The New York Times

The New York Times 14 Feb 2020

My Daughter Died. How Do I Tell My Son?


How do you explain tragedy to a 3-year-old? Close to five years ago, Jayson Greene and his wife, Stacy, lost their 2-year-old daughter, Greta, to a horrible accident. Fifteen months later, their son, Harrison, was born. Now that Harrison is growing up, he wants to know about his older sister. In the animated video above, Mr. Greene struggles with how to introduce his son to Greta — even though they can never meet.

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Two cruise ships on which four people with Covid-19 have died have docked in Florida - after weeks of uncertainty at sea.

The Zaandam and its sister ship the Rotterdam both arrived in Fort Lauderdale after they'd been barred from ports in South America. They'd also been told they couldn't dock in Florida - a decision later reversed.

Passengers fit for travel will disembark and fly home. Several dozen with mild symptoms will stay on board for a quarantine period. The 14 people with severe symptoms will be treated in local hospitals.

The Zaandam left Buenos Aires on 7 March and was meant to finish its trip in Chile two weeks later - but was barred from docking after a virus outbreak on board.

It was then joined by the Rotterdam for supplies, and both ships found themselves in limbo with no port accepting their call.

Another cruise ship, the Coral Princess - which also has confirmed cases on board - will arrive in Florida on Saturday.
How do barnacles survive environmental changes? Long-term work by a Brown University research team, with funding from the National Science Foundation, has confirmed that a central metabolic protein Mpi and the gene encoding the protein is what helps the barnacle survive extreme environmental changes. Different versions of the Mpi enzyme are present at different levels, depending on where the barnacles have settled in the rocky shoreline. One form performs well under high stress, like on a hot day at low tide; the other form does better under low stress. This allows barnacles to survive and prosper in fluctuating extremes and has prepared them for success in an ever-changing environment.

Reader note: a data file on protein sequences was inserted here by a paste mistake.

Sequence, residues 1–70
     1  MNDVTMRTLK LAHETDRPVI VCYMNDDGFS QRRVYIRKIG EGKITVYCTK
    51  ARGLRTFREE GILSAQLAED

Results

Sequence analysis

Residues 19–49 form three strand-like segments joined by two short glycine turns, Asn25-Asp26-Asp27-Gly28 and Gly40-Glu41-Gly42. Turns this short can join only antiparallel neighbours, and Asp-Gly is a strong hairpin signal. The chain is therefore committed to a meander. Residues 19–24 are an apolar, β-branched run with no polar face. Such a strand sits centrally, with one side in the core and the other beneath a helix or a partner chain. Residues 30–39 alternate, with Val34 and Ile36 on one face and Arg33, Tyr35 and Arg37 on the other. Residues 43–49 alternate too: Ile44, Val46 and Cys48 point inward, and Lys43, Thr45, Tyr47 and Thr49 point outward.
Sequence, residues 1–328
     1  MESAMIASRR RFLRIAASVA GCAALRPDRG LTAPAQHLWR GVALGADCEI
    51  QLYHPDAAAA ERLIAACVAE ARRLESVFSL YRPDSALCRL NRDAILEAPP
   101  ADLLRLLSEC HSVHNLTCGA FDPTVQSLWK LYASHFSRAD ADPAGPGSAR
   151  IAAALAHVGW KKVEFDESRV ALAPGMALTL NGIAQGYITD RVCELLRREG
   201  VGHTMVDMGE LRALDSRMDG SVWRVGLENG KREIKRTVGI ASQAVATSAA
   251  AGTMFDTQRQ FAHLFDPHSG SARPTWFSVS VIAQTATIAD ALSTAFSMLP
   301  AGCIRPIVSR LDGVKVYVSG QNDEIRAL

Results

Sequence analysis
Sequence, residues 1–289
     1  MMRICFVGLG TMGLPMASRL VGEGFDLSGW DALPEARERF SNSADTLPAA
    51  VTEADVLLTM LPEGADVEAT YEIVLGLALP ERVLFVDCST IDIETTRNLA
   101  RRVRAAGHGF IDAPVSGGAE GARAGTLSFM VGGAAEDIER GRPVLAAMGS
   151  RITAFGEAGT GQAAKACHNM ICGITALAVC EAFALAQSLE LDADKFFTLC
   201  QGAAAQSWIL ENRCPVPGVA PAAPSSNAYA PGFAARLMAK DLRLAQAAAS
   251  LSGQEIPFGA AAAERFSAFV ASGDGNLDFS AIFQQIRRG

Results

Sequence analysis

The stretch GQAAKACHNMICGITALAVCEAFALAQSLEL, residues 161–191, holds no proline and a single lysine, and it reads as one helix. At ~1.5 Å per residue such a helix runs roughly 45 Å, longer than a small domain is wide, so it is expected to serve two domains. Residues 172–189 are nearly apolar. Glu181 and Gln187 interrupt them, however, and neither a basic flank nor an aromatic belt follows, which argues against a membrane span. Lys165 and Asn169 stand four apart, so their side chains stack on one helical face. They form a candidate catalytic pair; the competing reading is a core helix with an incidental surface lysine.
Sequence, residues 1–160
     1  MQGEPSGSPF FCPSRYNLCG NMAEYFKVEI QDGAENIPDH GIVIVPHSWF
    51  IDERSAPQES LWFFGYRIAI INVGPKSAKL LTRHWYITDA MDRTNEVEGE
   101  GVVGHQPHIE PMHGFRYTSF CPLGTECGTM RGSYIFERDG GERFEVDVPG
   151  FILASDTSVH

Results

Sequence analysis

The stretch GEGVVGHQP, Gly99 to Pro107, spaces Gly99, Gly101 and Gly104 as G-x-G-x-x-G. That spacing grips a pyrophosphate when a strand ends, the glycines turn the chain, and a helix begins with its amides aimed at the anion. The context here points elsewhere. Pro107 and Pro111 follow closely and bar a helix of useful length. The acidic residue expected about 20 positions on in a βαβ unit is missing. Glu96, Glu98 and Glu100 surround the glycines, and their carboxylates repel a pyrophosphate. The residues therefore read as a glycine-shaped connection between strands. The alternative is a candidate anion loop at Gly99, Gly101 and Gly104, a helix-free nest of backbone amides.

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In August, our son, Harrison, celebrated
his third birthday.
He is our second child.
And yet, we have never parented a 3-year-old
before. Because Harrison has an older sister who
never turned 3.
An older sister he'll never meet.
Four years ago, my daughter, Greta,
was sitting on a bench on the Upper West Side of Manhattan
with her grandmother when a brick fell
from an eighth-story window sill and hit her in the head.
She never regained consciousness.
She was 2.
When Harrison was born 15 months later,
I became a father to both a living child and a spirit.
One child on this side of the curtain,
and another whispering from beneath it.
Greta became our reference point
for Harrison's every move.
We compared their sleep habits, their behavior
on the playground, their first words,
and their first tantrums.
We loved how they were different from each other
and how they were similar. But only until Harrison was 2.
Now that he's 3, we're in uncharted territory.
It is a bittersweet thing watching him reach milestones
that Greta didn't.
Potty training took on the momentous feeling
of an unknown country.
His sister never got that far.
Sometimes, watching Harrison grow,
I'm reminded of how little we'll ever
get to know about Greta.
Harrison's personality is a public fact.
He smiles wider and cries louder
than any other child in the neighborhood.
But Greta's own tendencies and quirks
remain only in her parent's memories.
Once, she was a person imposing her will
on the world.
Now she is our lonely private fact.
When Harrison was a baby, we would tell him
little things about Greta.
Greta loved bananas, too.
Greta was a real pain about sleep.
But he is older now, and I'm more reluctant to say
her name when he is around.
It's not Greta's life I want to keep secret,
but how she died.
A brick destroyed my first child.
And now, I have to deliver the knowledge of that brick
to my second.
It will teach him lessons I don't want him to learn.
So I stall for time, bargaining.
My superstitions about Greta's accident have died down.
I don't cross the street anymore
to avoid passing under construction sites with him.
And the first time Harrison smacked his face
on the jungle gym, filling his mouth with blood,
I stayed calm.
When he reached for me, screaming,
he saw no fear in my eyes.
Recently, he pointed to a picture of Greta
on the refrigerator.
That's Harrison, he said.
That's Greta, buddy, I said, correcting him gently.
That moment reminded me that someday, before long,
my wife and I will have to sit down and explain
to him that he has a sister and why she's not here.
So I hold my breath and wait for the question.
Sometimes, we dread it.
Sometimes, we yearn for it.
But we are on his timetable.
Greta lives inside of Harrison somewhere, murky and
He knows she was a person, and that she's not here,
but that we love her very much.
And for now, that's enough.

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